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EVERYDAY LAW: The benefits of a prenup

Cecil McCarthy

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Some of the reasons given for the desirability of prenuptial agreements include the following:
• they will protect assets acquired before marriage
• they will preserve businesses
• they can protect high earners and can recognise the weight of the party’s contribution
• they will ensure that children of previous relationships are not disadvantaged by permitting them to inherit.
In Barbados, interest in prenuptial agreements tends to be highest among those persons who are entering a second or later marriage and who wish to preserve their property for their children or who may not want to lose assets built up over a long period of time prior to marriage.
Marriage can have a significant effect on the future of one’s property, whether that marriage ends in divorce or is broken by the death of one of the parties.
On a dissolution of marriage the High Court has significant power to reallocate property. This right has been granted by the Family Law Act and the accepted view of the law is that a pre-nuptial agreement cannot take away the power granted by statute in this regard.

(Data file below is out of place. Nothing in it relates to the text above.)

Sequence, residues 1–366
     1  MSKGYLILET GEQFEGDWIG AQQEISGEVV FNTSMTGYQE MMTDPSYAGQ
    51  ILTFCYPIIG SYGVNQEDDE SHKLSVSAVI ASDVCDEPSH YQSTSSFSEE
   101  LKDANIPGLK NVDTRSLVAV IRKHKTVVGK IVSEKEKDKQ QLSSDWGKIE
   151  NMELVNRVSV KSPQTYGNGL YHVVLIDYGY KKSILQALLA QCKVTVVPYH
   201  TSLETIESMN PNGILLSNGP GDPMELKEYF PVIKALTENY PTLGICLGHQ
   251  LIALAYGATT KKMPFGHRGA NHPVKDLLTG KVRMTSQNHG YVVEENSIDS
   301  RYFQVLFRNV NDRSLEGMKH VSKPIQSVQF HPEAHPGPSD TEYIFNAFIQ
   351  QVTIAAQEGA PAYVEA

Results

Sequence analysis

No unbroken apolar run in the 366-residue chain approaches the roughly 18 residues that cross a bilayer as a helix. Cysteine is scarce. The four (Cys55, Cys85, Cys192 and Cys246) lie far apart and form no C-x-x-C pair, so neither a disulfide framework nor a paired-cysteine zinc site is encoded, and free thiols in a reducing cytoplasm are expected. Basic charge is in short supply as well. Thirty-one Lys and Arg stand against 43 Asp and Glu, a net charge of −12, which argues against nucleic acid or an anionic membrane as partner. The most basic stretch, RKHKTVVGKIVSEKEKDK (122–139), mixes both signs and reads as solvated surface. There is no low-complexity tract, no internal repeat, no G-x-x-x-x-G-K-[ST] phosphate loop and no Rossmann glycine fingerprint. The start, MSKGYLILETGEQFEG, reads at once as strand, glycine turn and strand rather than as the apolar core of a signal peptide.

Another significant statutory provision that can affect married couples is the legal right of a testator’s spouse under the Succession Act. Part X of the Succession Act gives a surviving spouse a share of the deceased’s estate as a legal right. This share will often be a half-share of the estate.
Surviving spouse
If no will has been made, the surviving spouse will also be entitled to a significant share of the estate of the deceased. Where a party has built up his/her assets over the years the possibility that children may not benefit or not benefit significantly from them, is a source of concern.
However, it should be noted that under Section 95 of the Succession Act a “spouse’s legal right may be renounced in an ante-nuptial contract made in writing between the parties to the intended marriage or may be renounced in writing by the spouse after marriage and during the lifetime of the testator.”
Where a party is entering a second marriage and has already acquired significant assets it is highly recommended that if he wants to preserve those assets for his children, that he insists that the other party enters into a prenuptial agreement renouncing the legal right under section 93 of the Succession Act.
Of course, either party to the intended marriage may take advantage of Section 95 of the Succession Act if the other party can be persuaded to renounce the legal right.
The effect of an agreement under Section 95 is that it would permit a spouse the freedom to make a will disposing of his property without the concern of the legal right of the surviving spouse.
• Cecil McCarthy is a Queen’s Counsel. Send your letters to: Everyday Law, The Nation, Fontabelle, St Michael. Send your email to [email protected]